Length: 429 pages
About: Eloquent, unemployable obese New Orlean
Style: 1st & 3rd person
Where: US (New Orleans)
Meet Ignatius J. Reilly: flatulent, eleoquent and pretty much unemployable... The ordinary folk of New Orleans seem to think he is unhinged as well. Ignatius ignores them as he heaves his vast
bulk through the city's fleshpots in a noble crusade against vice, modernity and ingnorance. But his momma has a nasty surprise in store for him. Ignatius must get a job. Undaunted, he uses his
new-found employment to further his mission - and now he has a pirate costume and a hot-dog cart to do it with ...
Ignatius himself was dressed comfortably and sensibly. The hunting cap prevented head colds. The voluminous tweed trousers were durable and permitted unusually free locomotion. Their pleats and
nooks contained pockets of warm, stale air that soothed Ignatius. The plaid flannel shirt made a jacket unnecessary while the muffler guarded exposed Reilly skine between earflap and collar. The
oputfit was acceptable by any theological and geometrical standards, however abstruse, and suggested a richer inner life.
... John Kennedy Toole, killed himself because his novel was rejected and won a posthumous literary prize for it... Toole's commedia is witty, exuberant, broad-humoured and addictive. The author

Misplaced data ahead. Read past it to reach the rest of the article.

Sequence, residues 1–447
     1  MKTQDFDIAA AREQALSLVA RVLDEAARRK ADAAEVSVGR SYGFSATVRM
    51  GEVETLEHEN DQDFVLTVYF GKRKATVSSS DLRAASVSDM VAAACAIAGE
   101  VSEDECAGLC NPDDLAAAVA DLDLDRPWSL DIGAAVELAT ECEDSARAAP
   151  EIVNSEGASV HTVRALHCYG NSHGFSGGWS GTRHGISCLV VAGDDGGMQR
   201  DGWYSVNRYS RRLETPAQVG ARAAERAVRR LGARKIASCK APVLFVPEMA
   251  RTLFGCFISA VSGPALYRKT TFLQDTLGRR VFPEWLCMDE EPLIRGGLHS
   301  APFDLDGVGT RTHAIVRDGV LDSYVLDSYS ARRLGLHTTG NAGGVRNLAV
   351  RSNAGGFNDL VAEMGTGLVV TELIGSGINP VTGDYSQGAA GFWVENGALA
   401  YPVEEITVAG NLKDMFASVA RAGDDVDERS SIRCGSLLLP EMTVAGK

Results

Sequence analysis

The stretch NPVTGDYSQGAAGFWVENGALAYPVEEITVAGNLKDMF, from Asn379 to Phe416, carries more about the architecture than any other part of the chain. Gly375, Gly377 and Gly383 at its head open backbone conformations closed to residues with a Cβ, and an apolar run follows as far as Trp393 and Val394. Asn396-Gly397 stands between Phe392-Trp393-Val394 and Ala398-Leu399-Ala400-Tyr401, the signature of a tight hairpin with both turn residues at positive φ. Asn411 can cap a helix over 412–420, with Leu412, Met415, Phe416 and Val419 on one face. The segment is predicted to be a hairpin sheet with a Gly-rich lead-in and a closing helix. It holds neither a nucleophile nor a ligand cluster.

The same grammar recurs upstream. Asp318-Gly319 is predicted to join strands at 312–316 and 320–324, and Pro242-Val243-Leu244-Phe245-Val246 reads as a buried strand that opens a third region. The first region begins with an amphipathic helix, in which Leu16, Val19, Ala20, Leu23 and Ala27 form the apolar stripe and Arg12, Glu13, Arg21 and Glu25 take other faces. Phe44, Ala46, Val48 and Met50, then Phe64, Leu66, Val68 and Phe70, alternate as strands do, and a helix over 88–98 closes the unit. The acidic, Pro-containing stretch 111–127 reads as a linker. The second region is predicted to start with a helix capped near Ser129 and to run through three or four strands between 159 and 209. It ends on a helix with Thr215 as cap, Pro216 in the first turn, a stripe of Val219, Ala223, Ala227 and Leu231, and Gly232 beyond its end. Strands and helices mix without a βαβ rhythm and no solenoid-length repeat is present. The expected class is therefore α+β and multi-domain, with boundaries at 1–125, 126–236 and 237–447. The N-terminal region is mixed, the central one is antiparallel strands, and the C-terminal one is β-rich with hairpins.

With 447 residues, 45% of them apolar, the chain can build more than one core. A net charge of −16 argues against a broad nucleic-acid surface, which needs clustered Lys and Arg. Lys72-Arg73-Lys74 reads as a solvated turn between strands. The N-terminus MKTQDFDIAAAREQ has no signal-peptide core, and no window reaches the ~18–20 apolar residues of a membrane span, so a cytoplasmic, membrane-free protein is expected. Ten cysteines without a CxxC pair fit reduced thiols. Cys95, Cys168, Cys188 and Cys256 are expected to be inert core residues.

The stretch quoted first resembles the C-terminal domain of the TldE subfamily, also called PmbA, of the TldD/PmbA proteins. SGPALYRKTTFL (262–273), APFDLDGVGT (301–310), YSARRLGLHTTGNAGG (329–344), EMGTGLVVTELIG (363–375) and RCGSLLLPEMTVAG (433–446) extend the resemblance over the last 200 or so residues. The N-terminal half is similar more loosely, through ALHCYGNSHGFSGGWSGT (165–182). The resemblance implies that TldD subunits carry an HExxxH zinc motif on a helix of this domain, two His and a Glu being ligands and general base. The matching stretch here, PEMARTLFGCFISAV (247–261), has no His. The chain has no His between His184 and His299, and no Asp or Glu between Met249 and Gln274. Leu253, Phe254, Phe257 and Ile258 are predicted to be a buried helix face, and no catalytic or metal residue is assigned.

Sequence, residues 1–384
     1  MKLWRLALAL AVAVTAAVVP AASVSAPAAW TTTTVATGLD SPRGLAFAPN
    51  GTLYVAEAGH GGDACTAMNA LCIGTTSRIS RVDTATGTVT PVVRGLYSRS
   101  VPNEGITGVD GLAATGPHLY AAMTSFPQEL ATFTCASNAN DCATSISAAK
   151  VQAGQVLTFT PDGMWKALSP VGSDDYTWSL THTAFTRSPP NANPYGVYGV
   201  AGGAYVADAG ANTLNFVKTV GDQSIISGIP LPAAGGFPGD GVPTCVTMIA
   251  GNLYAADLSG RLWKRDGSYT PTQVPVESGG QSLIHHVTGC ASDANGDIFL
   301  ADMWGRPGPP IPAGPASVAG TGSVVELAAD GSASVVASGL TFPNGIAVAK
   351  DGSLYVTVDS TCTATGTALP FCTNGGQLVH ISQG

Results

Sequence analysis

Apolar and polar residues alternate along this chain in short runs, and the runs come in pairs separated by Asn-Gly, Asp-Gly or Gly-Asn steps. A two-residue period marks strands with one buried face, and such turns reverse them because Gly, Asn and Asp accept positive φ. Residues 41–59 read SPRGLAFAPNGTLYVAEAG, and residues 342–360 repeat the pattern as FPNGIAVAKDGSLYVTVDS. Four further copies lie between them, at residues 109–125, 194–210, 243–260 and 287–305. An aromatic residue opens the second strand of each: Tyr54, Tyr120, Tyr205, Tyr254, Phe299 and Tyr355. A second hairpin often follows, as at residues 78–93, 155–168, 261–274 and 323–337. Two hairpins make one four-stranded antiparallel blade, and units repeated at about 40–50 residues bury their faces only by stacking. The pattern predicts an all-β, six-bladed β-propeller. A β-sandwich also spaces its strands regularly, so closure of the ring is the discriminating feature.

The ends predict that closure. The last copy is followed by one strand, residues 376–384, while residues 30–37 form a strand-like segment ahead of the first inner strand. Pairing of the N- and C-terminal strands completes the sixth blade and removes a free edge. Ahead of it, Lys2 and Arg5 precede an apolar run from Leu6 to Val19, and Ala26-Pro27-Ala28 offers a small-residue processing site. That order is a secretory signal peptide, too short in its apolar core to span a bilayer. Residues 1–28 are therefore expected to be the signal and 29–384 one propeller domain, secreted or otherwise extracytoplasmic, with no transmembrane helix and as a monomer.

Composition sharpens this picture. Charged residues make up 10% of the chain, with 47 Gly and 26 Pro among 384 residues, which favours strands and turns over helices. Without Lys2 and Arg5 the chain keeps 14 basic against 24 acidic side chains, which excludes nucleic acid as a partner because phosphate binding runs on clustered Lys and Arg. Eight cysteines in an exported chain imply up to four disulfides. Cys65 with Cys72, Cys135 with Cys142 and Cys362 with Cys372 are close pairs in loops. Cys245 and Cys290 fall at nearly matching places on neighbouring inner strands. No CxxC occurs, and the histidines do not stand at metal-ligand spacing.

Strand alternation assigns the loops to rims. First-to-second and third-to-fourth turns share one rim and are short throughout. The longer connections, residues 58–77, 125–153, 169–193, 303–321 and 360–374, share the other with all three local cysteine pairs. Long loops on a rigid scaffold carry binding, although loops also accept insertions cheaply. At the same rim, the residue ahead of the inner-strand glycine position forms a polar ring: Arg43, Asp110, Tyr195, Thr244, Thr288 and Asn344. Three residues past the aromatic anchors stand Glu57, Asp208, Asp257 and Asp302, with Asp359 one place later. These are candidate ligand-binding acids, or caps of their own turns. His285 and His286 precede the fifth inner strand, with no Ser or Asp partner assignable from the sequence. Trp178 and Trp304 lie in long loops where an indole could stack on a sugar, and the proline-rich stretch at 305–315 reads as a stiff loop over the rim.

has a perfect ear for street language and the absurdity of local slang. He treats gutter and parlour life with equal gusto and compassion. The city of his birth (New Orleans) has received a mocking
eulogy fromn the best writer it has bred in decades.
The Times, Andrew Sinclair, 4th June 1981
Not so good:
I know I'm out on my own on this one, but I detest this book. I really think it glorifies whining to an extent never before seen in the human condition. Everyone I know loves this book, and I know
I am in a minority here. But Christ... That this book is so popular with people in my age bracket and not so popular with people older or younger really makes me wonder if it is part of the problem
or a reflection of the boring, whiny apathy of my generation. But if this book has any redeemable aspects at all, it is that it highlights just how lazy and worthless my generation is. It's reflected
in the reverence people my age give this book, a book whose central lesson seems to be "whining is funny, and doing things is bad".
Nathan's Review/ Good Reads 2007 (click here to see full review)
About the author
Born in New Orleans in 1937 and died in 1969. He received a master's degree in English from Columbia Univeristy and taught at Hunter College and at the University of Southwestern Louisana. He
wrote Confederacy of Dunces in the early sixties and tried unsuccessfully to get his novel published; depressed by his failure, he committed suicide. After his death his mother got the book